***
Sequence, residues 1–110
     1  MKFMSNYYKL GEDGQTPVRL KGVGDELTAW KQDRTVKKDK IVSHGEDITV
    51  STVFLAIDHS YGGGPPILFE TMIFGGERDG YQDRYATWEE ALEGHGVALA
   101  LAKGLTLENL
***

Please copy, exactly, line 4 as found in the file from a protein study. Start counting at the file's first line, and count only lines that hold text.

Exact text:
   101  LAKGLTLENL